Summary right here: I don't need your content. I can access the Internet.

Transaction value: zero

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I disagree. I think for new content creators particularly, there is value in seeing how newsletters are developed, marketed, and structured. Sure, you could search the web for topics and headlines, much in the same way you could cook your own dinner vs. going to a restaurant or sing your own song vs. going to a concert. You pay for curation, talent, and an experience. I'm looking forward to future editions of this newsletter.

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There's absolutely value for new content creators in seeing how the sausage is made. And yes, everything is a remix, and people have made good businesses on remixing the right things and providing it with context and personality that people might pay in preference over another.

But the Creator Economy is sill predicated on bad math. Li Jin captured this pretty well last week: https://li.substack.com/p/the-creator-economy-is-in-crisis

The term promises a false world where we all can all be NBA stars. When in reality, the power law economics means a handful will earn, and the 99% cannot purchase a daily cup of coffee for their efforts. Publishers took a bigger cut way back when, but this dynamic has not changed going back decades to even book and magazine publishing. The market isn't that big for people to profit from paying content. Whats worse now is that we're drowning in content.

An opportunity for goo aggregators and curators? Surely. But how many producers of TikTok ice fishing videos can the Internet profitably sustain?

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I don't agree with the NBA stars analogy. There are a tiny number of NBA stars and even the worst of them make millions of dollars. While yes, only a tiny percentage of creators can make millions of dollars, tens of thousands more of them can earn a comfortable middle class living.

Here's a better analogy, I think: becoming a lawyer. Becoming a lawyer isn't easy, and a relatively small portion of the population becomes lawyers. You still have to go through four years of undergrad and three years of law school, but after that a career in law is attainable. To stretch this analogy into the creator space, yes, you can build a full-time living as a creator, but it could take upwards of three to four years pumping out content to a very small audience and making very little money, which is roughly the equivalent to going to law school.

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The NBA comparison was an illustration of the power law. But I don't see where the math comes from that supports a market of tens of thousands of content creators making middle class livings.

It's not even just where the money is going to come from, which is an easier problem to solve. It's where the market size comes from to cover that cost is going to come from. Especially in a marketplace where the value on content is still asymptotically going to zero with every new content producer dumping into the bit bin. There's a lot of Field of Dreams thinking in the creator economy: make it, and they will come and pay for your mortgage.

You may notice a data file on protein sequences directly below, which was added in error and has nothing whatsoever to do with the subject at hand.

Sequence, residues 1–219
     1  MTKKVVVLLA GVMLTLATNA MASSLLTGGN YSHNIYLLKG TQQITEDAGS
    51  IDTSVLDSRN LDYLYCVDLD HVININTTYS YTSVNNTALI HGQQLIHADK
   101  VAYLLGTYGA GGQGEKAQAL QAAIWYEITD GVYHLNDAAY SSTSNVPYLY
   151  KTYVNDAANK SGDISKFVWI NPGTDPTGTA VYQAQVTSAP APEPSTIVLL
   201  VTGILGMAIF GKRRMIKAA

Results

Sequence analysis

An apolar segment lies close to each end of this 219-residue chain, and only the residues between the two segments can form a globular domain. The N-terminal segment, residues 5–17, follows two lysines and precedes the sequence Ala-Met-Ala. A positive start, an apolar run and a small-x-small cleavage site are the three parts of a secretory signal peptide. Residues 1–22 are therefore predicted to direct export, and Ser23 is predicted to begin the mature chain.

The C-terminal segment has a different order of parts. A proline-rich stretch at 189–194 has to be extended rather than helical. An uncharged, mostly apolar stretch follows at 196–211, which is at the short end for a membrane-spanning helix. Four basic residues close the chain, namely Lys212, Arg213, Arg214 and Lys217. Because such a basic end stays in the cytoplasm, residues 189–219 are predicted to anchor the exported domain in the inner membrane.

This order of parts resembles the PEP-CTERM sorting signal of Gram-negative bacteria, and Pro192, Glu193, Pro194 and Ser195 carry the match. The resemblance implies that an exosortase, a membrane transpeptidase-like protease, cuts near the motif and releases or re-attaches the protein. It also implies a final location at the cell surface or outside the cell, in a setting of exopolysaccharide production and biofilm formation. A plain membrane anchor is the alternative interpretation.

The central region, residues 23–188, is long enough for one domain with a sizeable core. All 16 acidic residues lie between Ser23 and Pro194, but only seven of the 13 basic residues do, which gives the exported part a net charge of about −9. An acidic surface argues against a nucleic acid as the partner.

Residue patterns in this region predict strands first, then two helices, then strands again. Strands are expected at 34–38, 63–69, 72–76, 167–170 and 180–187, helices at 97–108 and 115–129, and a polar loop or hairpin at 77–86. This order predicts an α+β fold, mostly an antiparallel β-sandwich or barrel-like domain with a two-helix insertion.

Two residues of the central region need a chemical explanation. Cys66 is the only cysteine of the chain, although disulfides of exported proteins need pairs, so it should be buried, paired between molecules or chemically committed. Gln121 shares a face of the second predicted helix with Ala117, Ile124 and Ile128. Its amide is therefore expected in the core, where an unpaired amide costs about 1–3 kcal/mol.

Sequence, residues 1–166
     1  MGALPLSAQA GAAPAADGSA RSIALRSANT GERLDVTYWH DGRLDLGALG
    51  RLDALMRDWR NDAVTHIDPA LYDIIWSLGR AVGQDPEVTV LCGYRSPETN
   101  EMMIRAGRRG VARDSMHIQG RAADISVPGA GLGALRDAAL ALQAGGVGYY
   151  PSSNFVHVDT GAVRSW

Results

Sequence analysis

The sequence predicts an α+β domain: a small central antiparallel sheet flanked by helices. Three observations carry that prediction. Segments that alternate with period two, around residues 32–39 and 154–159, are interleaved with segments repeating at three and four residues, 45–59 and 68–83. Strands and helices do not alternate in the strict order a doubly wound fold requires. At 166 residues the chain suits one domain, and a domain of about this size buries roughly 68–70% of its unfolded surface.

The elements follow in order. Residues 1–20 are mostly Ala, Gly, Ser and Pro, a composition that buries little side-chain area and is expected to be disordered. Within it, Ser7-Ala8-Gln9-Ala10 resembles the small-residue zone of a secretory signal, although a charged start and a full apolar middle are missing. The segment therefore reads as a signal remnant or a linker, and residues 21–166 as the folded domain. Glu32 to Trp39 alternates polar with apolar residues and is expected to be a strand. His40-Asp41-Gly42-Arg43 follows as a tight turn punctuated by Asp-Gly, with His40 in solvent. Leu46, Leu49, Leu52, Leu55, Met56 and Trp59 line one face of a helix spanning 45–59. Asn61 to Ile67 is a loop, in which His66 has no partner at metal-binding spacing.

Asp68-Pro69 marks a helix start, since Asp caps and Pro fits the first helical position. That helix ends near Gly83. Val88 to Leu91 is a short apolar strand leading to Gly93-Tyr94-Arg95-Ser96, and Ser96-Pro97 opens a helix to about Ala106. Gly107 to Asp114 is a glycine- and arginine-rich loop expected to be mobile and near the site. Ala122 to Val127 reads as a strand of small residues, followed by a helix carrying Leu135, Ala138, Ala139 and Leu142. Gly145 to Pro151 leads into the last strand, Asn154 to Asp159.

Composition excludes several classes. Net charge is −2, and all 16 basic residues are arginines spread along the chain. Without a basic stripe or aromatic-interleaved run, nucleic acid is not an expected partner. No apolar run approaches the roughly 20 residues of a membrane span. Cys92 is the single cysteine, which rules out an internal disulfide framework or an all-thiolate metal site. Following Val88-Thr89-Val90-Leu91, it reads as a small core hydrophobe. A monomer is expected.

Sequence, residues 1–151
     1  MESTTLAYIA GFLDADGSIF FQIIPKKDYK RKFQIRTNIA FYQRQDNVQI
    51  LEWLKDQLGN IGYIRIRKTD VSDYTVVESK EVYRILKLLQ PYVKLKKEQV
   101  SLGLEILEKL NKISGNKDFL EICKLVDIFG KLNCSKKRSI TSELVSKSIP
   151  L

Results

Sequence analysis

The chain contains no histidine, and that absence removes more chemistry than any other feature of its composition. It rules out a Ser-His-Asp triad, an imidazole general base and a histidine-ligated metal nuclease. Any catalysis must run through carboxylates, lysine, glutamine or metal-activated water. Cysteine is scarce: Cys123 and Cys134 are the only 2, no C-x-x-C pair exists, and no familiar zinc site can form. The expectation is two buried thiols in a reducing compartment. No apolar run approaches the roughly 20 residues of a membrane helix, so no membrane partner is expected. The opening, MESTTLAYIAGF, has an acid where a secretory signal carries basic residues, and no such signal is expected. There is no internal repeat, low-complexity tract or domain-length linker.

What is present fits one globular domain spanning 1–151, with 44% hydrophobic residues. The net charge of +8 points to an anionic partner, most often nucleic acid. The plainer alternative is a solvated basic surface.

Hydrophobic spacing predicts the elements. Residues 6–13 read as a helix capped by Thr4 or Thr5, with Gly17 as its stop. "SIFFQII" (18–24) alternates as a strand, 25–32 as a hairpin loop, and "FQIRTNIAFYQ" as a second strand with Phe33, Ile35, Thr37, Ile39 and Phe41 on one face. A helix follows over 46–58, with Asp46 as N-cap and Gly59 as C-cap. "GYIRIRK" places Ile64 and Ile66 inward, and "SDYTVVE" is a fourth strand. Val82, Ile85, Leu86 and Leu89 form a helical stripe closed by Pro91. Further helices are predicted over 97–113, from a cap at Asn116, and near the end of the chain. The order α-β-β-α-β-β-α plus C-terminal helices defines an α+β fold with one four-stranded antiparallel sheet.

Being a lawyer who passes a bar exam versus a glut of content creators with varying levels of expertise isn't a really good comparison though. Because with content creators you can be good and competent but still not earn a livable following (and hence someone to pay your bills). We need lawyers to achieve things in society. Content creators are expendable and most even interchangeable for purpose.

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There are already tens of thousands of content creators making full time livings. I've interviewed hundreds of them for my podcast and newsletter, and I'm not even scratching the surface.

Let's do a little math and say that the bare minimum you have to make to consider content creation as your fulltime job is $50k.

Now let's add up the earnings on just a few of the platforms that have publicly touted their annual payouts to creators:

YouTube: $15.4 billion

Patreon: $1 billion

Substack: $24 million

Medium: $24 million.

That's a total of $16.4 billion. Divided by $50k, that's 328,000 salaries. Now given, there are going to be a lot of people at the upper and lower ends, but even if you cut that number in half, there are still tens of thousands of careers represented in those numbers. According to some estimates, there are over 23,000 YouTube accounts with over 1 million subscribers, and many YouTubers can start generating a full-time living with as few as 100,000 subscribers.

And those platforms I listed above represent just a few out of the hundreds of ways creators make money.

So yes, it's not a pipe dream to make a living as a full time creator. I've never said it would be easy, but it's certainly nowhere near as difficult as becoming an NBA player.

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